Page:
Depending on your disability, you determine when to disclose. Honesty and openness are important, however you may not need to disclose in the first interview or ever. Some considerations include: your need for reasonable accommodation(s), company's hiring practices, unexpected barriers, and a realistic time frame.
To learn more about these critical questions, pick up a copy of the guide Disclosing Your Disability in the Employment Process and/or review the related books located in the Career Center library.
Goodbye to All our Graduates
It is with mixed emotions that we say goodbye to our graduating students. We wish you well in all your future endeavors and congratulate you on all your achievements while at UCLA. You will be missed.
This year, OSD has approximately 418 seniors and grad students. Approximately 111 expect to graduate this June in 81 majors including Law, Medicine, Dentistry and Public Health with GPAs up to 4.00.
Among those graduating are Kelley Allen, Hanna Kim, Suzanne Rebele and Mel J. Sage.
Suzanne had this to say: “I am currently interviewing in Seattle where my husband and I have a home. I am looking forward to graduating this June and reentering the workforce. My experience at UCLA Anderson Business School was so fulfilling because of the OSD resources. Specifically, I would like to thank all the captionists that worked with me on a daily basis. I feel that we are all graduating together. They were always professional, courteous, and had a great attitude no matter how quickly the professor spoke! I know that my learning would not have been half as rewarding if it were not for these individuals. Thank you, girls!”
Thanks to all of you who responded to our request for permission to use your names in this piece and, again,
CONGRATULATIONS TO ALL OUR GRADUATES!
HAVE YOU MOVED?
Please remember to let the OSD know each time you change your address in order to continue to receive important mailings regarding priority enrollment, proctoring, van transportation, etc.
Changing your address with the Registrar's Office DOES NOT change your address with OSD.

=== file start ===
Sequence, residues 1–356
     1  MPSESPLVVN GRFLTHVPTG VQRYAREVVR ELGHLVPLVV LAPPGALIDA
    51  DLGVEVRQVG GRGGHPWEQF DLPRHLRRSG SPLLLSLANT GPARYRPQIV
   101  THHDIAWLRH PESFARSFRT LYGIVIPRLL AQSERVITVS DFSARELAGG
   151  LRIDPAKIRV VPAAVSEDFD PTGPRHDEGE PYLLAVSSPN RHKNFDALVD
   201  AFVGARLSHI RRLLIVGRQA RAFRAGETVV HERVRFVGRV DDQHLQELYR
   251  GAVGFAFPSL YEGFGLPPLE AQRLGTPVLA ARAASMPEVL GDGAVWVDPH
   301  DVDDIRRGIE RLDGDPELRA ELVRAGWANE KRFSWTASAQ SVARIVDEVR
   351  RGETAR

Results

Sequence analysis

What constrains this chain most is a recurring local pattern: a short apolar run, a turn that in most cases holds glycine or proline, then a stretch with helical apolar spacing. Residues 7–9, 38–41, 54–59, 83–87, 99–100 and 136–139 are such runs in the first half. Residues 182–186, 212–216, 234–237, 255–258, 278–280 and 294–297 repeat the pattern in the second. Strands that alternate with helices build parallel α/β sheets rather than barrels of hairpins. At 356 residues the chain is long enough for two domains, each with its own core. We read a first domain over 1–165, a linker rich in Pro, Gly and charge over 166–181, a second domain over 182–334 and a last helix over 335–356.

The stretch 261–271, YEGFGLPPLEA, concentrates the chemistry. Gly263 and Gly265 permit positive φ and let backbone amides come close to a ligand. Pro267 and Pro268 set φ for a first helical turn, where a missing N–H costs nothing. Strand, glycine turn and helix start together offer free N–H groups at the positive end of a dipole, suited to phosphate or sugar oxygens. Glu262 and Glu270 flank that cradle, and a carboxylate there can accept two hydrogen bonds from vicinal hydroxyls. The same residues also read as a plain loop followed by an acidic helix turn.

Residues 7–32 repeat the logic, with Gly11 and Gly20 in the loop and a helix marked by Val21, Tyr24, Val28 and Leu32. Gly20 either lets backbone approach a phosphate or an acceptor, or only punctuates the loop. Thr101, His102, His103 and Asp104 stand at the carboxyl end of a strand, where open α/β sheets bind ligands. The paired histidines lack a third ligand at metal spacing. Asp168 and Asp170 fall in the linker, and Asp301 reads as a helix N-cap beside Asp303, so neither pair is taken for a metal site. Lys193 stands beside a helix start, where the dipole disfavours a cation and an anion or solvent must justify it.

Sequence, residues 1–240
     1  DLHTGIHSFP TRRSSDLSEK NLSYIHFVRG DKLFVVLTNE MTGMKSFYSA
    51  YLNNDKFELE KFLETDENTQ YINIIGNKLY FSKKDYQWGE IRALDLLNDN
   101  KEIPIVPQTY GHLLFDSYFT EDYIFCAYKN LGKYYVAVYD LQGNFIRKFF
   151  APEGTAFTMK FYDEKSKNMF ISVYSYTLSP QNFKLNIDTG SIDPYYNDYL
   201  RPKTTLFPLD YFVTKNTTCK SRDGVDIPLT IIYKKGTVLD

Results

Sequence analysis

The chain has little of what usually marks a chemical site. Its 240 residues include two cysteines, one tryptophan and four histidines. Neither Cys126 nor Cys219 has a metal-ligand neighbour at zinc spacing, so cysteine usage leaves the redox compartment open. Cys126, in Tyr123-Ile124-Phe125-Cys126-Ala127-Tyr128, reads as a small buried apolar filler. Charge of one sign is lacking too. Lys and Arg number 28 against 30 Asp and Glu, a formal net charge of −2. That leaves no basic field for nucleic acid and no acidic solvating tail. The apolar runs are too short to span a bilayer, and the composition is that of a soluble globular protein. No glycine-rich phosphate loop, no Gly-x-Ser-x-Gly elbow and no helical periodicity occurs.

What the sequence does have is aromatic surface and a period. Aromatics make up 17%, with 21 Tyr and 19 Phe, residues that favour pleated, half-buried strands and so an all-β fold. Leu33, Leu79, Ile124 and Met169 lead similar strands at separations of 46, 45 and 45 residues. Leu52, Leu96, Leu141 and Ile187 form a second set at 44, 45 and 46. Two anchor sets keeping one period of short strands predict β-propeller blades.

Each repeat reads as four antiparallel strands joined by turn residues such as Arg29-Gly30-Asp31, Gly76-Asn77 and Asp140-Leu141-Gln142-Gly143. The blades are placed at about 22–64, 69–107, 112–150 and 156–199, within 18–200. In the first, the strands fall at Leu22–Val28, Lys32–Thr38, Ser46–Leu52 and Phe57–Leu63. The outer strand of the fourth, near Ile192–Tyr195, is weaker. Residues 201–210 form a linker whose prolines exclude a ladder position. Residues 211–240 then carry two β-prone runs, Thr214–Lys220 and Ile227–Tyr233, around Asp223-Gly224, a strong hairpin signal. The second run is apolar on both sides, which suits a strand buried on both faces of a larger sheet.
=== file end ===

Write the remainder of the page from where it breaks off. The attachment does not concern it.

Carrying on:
You can call the office, e-mail us, or come in and fill out a "change of address" slip.
Chancellor's Advisory Committee on Disability
The CACD was established in 1982 as an advisory group by the Chancellor to create and maintain a more accessible campus environment. The CACD is comprised of student, faculty, staff, alumni, community, and exofficio members. The Committee’s charge is to analyze and identify problems, propose solutions, and make recommendations on matters of particular concern to persons with disabilities.
Meeting Times: The 2nd Tuesday of each month
(except August and December) 2-4 pm Faculty Center
For more information contact the ADA & 504 Compliance Office at (310) 825-2242 (voice) or (310) 206-3349 (tty)
60 Seconds With....
Here’s your chance to share things you’re doing or planning to do professionally, educationally and/or personally and share it with others. Spending the summer abroad? Here’s a place to share the news. Wonder what OSD staff members do to keep their knowledge current or what they do on their own time? Here’s a place to find out. Please send anything you would like to include in New Horizons to Deb Owen at firstname.lastname@example.org
Here’s something to get you started:
- OSD Staff attended two audio conferences. The first was Disability Documentation Policies: Matching Philosophies with Practice. The second was called IDEA to ADA: Minimize Conflict with Incoming Students and Their Parents which pointed out the differences between the laws that apply to K12 and those that apply to postsecondary education.